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Machine learning for tracing pathogens in the food chain


   Bristol Veterinary School

  , Dr Sion Bayliss  Applications accepted all year round  Self-Funded PhD Students Only

About the Project

Salmonella is the most important food chain pathogen globally[1], causing infection and mortality in farmed animals and gastrointestinal infection of humans via consumption of contaminated foodstuffs. Local outbreak investigations are confounded by the complexity of food production and trade networks, which distribute foodborne pathogens around the globe. Global food safety and public health agencies have begun to routinely utilise whole genome sequencing (WGS) for pathogen surveillance. WGS provides high-resolution genetic relatedness between disease isolates, allowing the identification of clusters of infections arising from a common source. Traditional approaches for inferring geographical source from WGS require significant bioinformatic skills and scale poorly. We recently established that machine learning (ML) is an effective tool for the geographical source attribution of Salmonella Enteritidis[2]. The project will build upon this work by utilising WGS surveillance datasets from across the food chain to build ML models for rapid and accurate source attribution of a range of Salmonella species. Improved source attribution provides scientists with a better understand the transmission networks and virulence potential of persistent outbreaks. Furthermore, these models will enhance disease management responses of farm- and hospital-associated Salmonella outbreaks, facilitating rapid and effective disease management across the breadth of the food chain.

Aims and objectives

a) Optimisation of ML approaches for bacterial genomics data

Identify effective ML methodologies for application to the known complexities[3] of bacterial genomics by comparing various state-of-the-art approaches.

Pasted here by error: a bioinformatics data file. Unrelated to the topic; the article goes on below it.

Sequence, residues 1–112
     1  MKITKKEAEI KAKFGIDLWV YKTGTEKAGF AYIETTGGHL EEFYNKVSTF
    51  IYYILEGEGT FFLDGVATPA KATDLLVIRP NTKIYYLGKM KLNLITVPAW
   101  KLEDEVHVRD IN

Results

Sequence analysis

b) Train source attribution models for Salmonella

Use datasets contributed by public health surveillance programmes to build ML models for prediction of host and geographical source of Salmonella spp. using the finding from (a).

c) Generating actionable outputs for epidemiologists

Co-produce knowledge with field epidemiologists from US Centre for Disease Control (CDC) and UK Health Security Agency (UKHSA) to translate the outcomes of (b) into human-interpretable outputs using explainable ML methodologies.

Methodology

The project will innovate and refine upon recent work[2] to identify optimal ML frameworks for bacterial genomic data, optimise a hierarchical ML model to predict the source of outbreak isolates and generate human-readable outputs for epidemiologists. This will be achieved by processing raw WGS data into unitigs, a compact representation of bacterial genomes[4], before phylogenetically-aware resampling to address class imbalance. These data will then be used as inputs for comparison of classification accuracy using a range of ML (random forest, e-nets, support vector) and deep learning (neural network) classifiers. The student will develop interdisciplinary skills in a range of underserved key skill development areas including data science, machine learning and genomic bioinformatics.

Building on longstanding collaborations, the successful candidate will intern with epidemiologists at the UKHSA and the CDC to better understand the needs of public health experts. This will facilitate the development of project outputs into a functional tools to provide actionable information for epidemiologists and support public health decision making. Researchers with data science and ML expertise are exceedingly rare and will be essential for the future of public and animal health research to spearhead data-driven analytics for large-scale ‘omic-based health surveillance.

Apply for this project

This project will be based in Bristol Veterinary School.

Please contact for further details on how to apply.

Apply now!


References

1) WHO. (2022). Factsheet: Non-typhoidal Salmonella. https://www.who.int/news-room/fact-sheets/detail/salmonella-(non-typhoidal)
2) SC Bayliss, RK Locke, C Jenkins, MA Chattaway, TJ Dallman, LA Cowley (2022) Hierarchical machine learning predicts geographical origin of Salmonella within four minutes of sequencing. MedRxiv. doi: 10.1101/2022.08.23.22279111
3) NE Wheeler (2019) Tracing outbreaks with machine learning. Nature Reviews Microbiology. 17, 269
4) M Jaillard, L Lima, M Tournoud, P Mahé, A van Belkum, V Lacroix, L Jacob. A fast and agnostic method for bacterial genome-wide association studies: bridging the gap between k-mers and genetic events. PLOS Genet. 14, e1007758 (2018).

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